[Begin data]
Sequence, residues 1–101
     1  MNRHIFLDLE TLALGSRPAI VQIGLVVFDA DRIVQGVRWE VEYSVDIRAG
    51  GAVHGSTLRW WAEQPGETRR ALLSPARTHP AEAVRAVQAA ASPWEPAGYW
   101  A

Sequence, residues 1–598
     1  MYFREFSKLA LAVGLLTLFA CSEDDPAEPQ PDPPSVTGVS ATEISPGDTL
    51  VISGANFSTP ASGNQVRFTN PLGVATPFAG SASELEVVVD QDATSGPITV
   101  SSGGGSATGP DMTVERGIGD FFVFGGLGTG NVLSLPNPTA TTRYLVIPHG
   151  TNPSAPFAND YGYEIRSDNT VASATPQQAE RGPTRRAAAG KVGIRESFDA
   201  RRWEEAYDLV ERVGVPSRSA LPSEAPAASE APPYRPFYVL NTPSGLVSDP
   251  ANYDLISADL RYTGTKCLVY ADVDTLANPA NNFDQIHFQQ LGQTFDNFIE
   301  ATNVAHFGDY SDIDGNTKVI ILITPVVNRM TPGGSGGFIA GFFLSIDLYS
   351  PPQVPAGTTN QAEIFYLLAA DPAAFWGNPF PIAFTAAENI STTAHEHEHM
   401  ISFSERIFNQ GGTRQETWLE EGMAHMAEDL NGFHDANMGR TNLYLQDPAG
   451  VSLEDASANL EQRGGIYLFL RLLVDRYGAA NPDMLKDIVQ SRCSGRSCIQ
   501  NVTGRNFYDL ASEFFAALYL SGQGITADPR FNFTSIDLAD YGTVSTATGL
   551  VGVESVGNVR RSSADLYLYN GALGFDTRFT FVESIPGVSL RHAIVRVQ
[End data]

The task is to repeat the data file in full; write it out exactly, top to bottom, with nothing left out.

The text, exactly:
Sequence, residues 1–101
     1  MNRHIFLDLE TLALGSRPAI VQIGLVVFDA DRIVQGVRWE VEYSVDIRAG
    51  GAVHGSTLRW WAEQPGETRR ALLSPARTHP AEAVRAVQAA ASPWEPAGYW
   101  A

Sequence, residues 1–598
     1  MYFREFSKLA LAVGLLTLFA CSEDDPAEPQ PDPPSVTGVS ATEISPGDTL
    51  VISGANFSTP ASGNQVRFTN PLGVATPFAG SASELEVVVD QDATSGPITV
   101  SSGGGSATGP DMTVERGIGD FFVFGGLGTG NVLSLPNPTA TTRYLVIPHG
   151  TNPSAPFAND YGYEIRSDNT VASATPQQAE RGPTRRAAAG KVGIRESFDA
   201  RRWEEAYDLV ERVGVPSRSA LPSEAPAASE APPYRPFYVL NTPSGLVSDP
   251  ANYDLISADL RYTGTKCLVY ADVDTLANPA NNFDQIHFQQ LGQTFDNFIE
   301  ATNVAHFGDY SDIDGNTKVI ILITPVVNRM TPGGSGGFIA GFFLSIDLYS
   351  PPQVPAGTTN QAEIFYLLAA DPAAFWGNPF PIAFTAAENI STTAHEHEHM
   401  ISFSERIFNQ GGTRQETWLE EGMAHMAEDL NGFHDANMGR TNLYLQDPAG
   451  VSLEDASANL EQRGGIYLFL RLLVDRYGAA NPDMLKDIVQ SRCSGRSCIQ
   501  NVTGRNFYDL ASEFFAALYL SGQGITADPR FNFTSIDLAD YGTVSTATGL
   551  VGVESVGNVR RSSADLYLYN GALGFDTRFT FVESIPGVSL RHAIVRVQ